Detail of the neck collar from Stichill, Scottish Borders, a classic piece of celtic art. Copyright NMS.
A key area for research is the role of decoration in creating and conveying identities or other messages. This should cover topics such as colour (elusive, but not impossible to study) as well as more conventional concepts such as Celtic art. The decorative metalwork which carries Celtic art is too often studied in isolation, and needs to be integrated into broader models of society (Hunter 2006, 2007b; more generally Haselgrove et al. 2001, 17; Gosden and Hill 2008) to understand the motives behind its creation and use, and its potential impact (e.g. Giles 2008). Such metalwork could act to signal both individual identities (status, connectedness etc) and group affiliations. Some styles show connections to broader British or Continental habits, such as the Torrs chamfrein (Atkinson & Piggott 1955). Others are much more concerned with regional identities, such as the ‘massive’ tradition of north-east Scotland, or the so-called ‘central British’ traditions (MacGregor 1976; Hunter 2006, 2007b). This latter one is particularly challenging, and interesting, as it developed around the Roman frontier and became entangled in the forging of new identities in this area (Hunter 2008).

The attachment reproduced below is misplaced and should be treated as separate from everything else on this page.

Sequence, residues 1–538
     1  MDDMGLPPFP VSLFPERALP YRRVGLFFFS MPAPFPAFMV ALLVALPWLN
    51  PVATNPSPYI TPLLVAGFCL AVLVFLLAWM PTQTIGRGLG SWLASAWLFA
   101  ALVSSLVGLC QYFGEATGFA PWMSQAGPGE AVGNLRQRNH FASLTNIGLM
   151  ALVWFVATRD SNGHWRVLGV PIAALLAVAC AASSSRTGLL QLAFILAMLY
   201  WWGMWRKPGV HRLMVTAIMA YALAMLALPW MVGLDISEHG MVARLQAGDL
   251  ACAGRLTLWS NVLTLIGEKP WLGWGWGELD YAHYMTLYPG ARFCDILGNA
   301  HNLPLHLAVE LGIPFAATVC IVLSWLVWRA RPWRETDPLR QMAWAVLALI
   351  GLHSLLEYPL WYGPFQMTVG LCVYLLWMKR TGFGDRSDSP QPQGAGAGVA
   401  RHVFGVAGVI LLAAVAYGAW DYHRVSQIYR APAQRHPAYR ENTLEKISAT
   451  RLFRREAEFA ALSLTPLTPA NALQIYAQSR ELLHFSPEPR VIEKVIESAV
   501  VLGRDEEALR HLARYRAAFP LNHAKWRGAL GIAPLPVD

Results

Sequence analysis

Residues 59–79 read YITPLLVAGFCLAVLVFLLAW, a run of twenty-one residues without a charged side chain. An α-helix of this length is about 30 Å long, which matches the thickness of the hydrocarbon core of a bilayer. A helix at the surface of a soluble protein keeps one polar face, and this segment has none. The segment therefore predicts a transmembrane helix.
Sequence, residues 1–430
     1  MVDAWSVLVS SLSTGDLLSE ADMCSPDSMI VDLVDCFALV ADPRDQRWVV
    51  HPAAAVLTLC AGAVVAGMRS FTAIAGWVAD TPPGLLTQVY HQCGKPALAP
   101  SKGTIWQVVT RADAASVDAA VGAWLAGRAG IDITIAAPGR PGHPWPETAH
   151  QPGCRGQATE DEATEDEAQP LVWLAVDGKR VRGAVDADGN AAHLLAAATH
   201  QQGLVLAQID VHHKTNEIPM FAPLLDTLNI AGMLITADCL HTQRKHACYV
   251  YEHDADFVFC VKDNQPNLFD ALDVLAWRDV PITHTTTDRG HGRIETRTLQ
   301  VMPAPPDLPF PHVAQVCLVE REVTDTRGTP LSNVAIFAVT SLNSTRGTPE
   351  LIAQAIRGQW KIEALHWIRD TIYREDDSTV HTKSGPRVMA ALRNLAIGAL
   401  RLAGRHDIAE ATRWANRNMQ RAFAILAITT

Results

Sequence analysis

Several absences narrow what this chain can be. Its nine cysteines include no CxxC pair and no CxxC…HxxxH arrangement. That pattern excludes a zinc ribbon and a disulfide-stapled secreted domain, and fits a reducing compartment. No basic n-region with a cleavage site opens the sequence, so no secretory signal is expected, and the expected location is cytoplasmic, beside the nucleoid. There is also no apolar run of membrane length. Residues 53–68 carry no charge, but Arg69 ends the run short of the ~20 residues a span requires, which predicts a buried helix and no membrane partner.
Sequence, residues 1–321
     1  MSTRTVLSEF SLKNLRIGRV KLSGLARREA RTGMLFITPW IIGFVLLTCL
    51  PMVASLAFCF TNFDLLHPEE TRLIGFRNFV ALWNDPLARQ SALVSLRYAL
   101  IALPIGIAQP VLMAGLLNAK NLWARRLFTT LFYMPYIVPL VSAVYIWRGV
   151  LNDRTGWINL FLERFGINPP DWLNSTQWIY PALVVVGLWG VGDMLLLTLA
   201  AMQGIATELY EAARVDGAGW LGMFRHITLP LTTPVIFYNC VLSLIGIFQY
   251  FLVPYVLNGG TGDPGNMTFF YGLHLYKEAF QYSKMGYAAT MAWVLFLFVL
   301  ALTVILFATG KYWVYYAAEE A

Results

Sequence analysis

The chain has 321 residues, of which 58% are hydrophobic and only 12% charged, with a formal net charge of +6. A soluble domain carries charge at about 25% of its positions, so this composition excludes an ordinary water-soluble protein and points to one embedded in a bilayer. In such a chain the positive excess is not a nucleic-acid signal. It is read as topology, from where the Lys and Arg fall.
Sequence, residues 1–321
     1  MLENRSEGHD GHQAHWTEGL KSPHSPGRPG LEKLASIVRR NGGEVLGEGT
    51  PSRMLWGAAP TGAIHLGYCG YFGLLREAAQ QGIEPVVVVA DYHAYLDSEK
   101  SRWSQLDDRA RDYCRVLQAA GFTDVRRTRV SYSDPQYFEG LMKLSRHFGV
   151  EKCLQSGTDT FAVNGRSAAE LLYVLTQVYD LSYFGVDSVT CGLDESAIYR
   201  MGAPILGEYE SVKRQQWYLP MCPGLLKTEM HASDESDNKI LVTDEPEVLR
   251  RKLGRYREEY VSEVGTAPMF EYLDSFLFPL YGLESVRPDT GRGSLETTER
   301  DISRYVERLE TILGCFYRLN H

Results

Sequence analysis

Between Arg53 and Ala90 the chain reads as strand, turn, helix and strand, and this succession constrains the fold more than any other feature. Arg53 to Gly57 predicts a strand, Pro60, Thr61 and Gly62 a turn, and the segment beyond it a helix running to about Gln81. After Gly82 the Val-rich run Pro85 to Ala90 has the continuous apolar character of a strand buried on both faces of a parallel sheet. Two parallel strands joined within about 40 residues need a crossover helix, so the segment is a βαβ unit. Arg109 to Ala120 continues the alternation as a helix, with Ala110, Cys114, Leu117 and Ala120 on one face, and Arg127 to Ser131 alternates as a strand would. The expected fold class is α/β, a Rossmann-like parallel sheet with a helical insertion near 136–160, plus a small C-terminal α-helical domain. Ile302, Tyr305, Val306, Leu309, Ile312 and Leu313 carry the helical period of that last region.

There was more to decoration than Celtic art. More everyday objects were also sometimes decorated, but in different styles such as this quern from broxmouth. Copyright NMS.
But there is a need also to look at broader questions of decoration (including colour). Sharples (2008) comments on the need for a broad perspective on such topics. Evans (1989) has noted the rarity of decoration except on metalwork , even on sites with well-preserved organic material (such as wood) which might have been expected to carry decoration. It is noticeable that bone and antler, for instance, is also rarely decorated, and the rare decorated pieces tend to have geometric rather than the typically ‘swirly’ decoration of Celtic metalwork. A start has been made in some areas, for instance on the possible significance of pottery decoration at Sollas (Campbell 1991) and the occurrence and significance of decorated querns (McLaren & Hunter 2008), but there is much more to be done here.
Research needs to integrate specialist topics such as Celtic art into broad social interpretations.
The wider role of decoration and colour in Iron Age societies remains to be investigated.